The increasing reliance of people on computers for daily tasks has resulted in a vast number of digital documents. Search engines were once luxury tools for quickly scanning a set of documents but are now quickly becoming the only practical way to navigate through this sea of information. Traditionally, search engine results are based upon a mathematical formula of document relevance to a search phrase. Often, however, what a user deems to be relevant and what a search engine computes as relevant are not the same. User feedback regarding the utility of a search result can be collected in order to refine query results. Additionally, user feedback can be used to identify queries that lack high quality search results. A content author can then further develop existing content or create new content to improve those search results.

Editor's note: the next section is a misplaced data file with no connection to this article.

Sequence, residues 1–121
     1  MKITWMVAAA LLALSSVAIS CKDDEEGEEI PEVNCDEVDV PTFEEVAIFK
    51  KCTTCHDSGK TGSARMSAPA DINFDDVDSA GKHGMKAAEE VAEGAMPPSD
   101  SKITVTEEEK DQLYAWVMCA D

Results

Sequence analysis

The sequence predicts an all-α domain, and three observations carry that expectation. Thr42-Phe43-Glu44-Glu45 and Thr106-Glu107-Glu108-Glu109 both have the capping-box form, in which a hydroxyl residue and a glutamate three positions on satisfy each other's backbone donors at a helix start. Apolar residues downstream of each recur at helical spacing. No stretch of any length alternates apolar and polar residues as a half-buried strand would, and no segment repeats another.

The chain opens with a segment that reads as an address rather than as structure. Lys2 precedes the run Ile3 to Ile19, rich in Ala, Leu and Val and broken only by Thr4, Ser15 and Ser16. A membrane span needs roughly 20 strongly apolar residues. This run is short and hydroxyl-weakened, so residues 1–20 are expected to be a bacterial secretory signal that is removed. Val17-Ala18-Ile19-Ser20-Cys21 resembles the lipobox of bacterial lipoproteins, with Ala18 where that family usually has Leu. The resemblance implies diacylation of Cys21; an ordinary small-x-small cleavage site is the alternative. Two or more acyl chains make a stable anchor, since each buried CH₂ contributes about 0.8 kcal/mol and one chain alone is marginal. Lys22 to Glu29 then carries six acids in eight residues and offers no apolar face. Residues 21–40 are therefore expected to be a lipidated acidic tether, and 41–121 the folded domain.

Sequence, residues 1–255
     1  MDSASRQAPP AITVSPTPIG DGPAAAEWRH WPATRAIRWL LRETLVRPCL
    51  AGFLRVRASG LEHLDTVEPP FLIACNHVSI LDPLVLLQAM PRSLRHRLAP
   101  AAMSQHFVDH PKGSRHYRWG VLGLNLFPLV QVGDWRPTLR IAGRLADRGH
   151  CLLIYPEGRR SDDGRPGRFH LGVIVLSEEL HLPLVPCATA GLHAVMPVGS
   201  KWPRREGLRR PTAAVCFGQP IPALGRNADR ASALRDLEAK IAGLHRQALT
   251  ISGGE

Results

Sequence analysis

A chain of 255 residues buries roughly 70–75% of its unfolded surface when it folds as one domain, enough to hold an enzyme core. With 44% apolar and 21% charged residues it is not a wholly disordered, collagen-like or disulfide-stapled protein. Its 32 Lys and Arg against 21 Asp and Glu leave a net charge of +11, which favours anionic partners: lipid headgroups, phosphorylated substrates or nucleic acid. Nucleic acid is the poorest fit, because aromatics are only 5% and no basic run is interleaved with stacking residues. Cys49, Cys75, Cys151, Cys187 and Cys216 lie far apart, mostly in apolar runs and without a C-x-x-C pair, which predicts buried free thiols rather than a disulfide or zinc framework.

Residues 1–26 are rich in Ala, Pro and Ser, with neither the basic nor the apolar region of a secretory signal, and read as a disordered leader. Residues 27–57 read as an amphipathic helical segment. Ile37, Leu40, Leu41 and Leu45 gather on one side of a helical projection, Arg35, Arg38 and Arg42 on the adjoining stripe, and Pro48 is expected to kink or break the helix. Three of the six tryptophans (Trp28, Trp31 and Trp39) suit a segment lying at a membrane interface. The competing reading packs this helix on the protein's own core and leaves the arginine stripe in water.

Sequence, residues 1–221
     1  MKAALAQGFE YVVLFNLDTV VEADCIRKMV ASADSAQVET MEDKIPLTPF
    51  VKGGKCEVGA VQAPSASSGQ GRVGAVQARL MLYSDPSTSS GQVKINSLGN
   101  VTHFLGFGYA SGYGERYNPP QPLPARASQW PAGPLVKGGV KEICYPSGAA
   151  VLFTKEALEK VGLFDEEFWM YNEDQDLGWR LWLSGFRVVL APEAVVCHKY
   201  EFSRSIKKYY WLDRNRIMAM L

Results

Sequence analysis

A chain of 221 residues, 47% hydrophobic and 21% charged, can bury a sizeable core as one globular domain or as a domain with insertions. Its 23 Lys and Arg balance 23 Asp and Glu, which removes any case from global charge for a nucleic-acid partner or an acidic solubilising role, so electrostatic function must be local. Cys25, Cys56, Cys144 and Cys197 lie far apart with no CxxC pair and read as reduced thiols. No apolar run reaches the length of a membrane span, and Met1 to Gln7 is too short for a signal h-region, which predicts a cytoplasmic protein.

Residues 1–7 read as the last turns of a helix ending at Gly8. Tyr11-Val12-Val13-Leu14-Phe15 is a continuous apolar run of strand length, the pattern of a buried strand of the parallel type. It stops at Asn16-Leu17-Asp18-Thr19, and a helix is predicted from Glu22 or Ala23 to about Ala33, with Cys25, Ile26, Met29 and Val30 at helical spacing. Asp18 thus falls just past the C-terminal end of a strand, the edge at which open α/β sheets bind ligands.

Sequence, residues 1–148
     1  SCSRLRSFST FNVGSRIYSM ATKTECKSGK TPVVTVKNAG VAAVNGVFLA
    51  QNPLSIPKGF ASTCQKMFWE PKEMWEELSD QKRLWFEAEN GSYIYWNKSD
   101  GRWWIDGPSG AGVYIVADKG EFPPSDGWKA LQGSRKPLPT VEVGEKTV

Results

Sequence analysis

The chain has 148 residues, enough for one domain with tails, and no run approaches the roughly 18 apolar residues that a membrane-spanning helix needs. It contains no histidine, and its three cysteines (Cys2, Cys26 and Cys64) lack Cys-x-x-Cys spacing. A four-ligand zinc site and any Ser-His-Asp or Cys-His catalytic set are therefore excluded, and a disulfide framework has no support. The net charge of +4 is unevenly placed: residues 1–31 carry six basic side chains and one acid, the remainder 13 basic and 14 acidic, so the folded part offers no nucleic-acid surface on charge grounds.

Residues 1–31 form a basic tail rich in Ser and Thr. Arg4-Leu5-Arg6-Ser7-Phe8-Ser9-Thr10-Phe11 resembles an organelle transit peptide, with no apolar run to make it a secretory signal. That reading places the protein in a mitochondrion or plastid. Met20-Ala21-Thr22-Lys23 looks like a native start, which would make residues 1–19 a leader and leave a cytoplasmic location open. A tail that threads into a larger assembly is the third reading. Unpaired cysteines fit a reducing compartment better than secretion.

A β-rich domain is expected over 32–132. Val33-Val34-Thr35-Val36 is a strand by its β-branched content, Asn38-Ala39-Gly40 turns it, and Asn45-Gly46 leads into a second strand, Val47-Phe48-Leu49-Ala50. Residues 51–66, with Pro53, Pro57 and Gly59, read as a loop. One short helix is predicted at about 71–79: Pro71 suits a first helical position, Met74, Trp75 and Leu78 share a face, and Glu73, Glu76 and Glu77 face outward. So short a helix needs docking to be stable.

The most straightforward way of collecting user feedback is to add a graphical user interface component to the search interface that asks the user how much he or she liked the search result. However, if the feedback mechanism requires the user to provide feedback before he or she can progress further with his or her search, the user may become annoyed and provide incorrect feedback values out of spite. Conversely, if the feedback mechanism does not require the user to provide feedback at all then the overall amount of collected feedback will be diminished as many users will not expend the effort required to give feedback. This research focused on the collection of explicit user feedback in both mandatory (a user must give feedback) and voluntary (a user may give feedback) scenarios. The collected data was used to train a set of decision tree classifiers that provided user satisfaction values as a function of implicit user behavior and a set of search terms. The results of our study indicate that a more accurate classifier can be built from explicit data collected in a voluntary scenario. Given a limited search domain, the classification accuracy can be further improved.